Our results contrast with reports of reduced GABAA receptor availability in children with ASD using SPECT imaging (22). The difference between those results and our data may indicate an age-specific alteration in GABAA receptor availability in ASD, but other methodological differences should also be considered. For instance, in the SPECT imaging study, the control group consisted of patients with epilepsy, most of whom were medicated with anticonvulsant drugs. In contrast, we recruited medication-free adults with ASD and control individuals without ASD who showed typical development to avoid any medical or medication confounds. The null findings in our PET imaging study also stand in contrast to the results of our prior pilot study (23) that reported reduced GABAA α5 subunit availability in three adults with ASD compared to three matched controls. It is possible that our prior finding reflected a type I error.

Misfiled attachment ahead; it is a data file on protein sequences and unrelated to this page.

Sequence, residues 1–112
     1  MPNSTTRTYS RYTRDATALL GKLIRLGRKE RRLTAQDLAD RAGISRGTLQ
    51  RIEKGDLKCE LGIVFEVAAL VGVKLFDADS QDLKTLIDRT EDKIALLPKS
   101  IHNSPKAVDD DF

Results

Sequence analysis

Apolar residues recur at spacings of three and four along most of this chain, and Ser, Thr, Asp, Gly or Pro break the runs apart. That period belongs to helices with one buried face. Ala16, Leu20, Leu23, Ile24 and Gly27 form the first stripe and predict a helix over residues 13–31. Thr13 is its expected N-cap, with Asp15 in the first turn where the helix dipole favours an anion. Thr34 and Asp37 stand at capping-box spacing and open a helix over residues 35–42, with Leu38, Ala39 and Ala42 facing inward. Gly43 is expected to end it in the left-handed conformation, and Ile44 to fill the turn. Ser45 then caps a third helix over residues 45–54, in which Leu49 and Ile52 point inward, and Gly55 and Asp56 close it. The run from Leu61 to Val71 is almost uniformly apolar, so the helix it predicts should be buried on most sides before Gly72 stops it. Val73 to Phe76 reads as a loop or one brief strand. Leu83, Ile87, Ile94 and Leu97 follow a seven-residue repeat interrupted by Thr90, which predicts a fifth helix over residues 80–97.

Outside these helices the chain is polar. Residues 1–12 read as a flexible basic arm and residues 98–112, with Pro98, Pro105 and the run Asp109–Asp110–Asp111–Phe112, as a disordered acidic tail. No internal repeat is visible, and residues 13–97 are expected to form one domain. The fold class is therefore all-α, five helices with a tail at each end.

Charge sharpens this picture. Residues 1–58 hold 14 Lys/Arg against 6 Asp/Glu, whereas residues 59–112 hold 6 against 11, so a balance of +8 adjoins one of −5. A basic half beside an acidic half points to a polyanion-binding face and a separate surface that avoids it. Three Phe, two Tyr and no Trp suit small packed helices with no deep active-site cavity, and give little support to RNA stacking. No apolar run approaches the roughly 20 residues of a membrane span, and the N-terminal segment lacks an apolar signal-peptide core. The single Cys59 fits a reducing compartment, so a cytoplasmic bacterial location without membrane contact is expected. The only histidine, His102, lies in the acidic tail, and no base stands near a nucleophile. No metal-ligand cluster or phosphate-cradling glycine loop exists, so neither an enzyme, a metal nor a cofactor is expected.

Although our current results suggest that GABAA receptor availability was not altered in ASD, other interpretations of our data should be considered. One possibility is that our two studies lacked statistical power to detect any differences in GABAA receptor availability. Both of our PET imaging studies were powered at 80% to detect a typical effect size (44). A second possible explanation for our negative result is that the PET imaging tracers we used were not sensitive enough. However, we consider this to be unlikely because both the [11C]flumazenil tracer and [11C]Ro15-4513 tracer have been used successfully to detect group differences in GABAA receptor availability, both in patients with other neuropsychiatric disorders (47, 48) compared to healthy controls and in controls differing in behavioral phenotypes (49).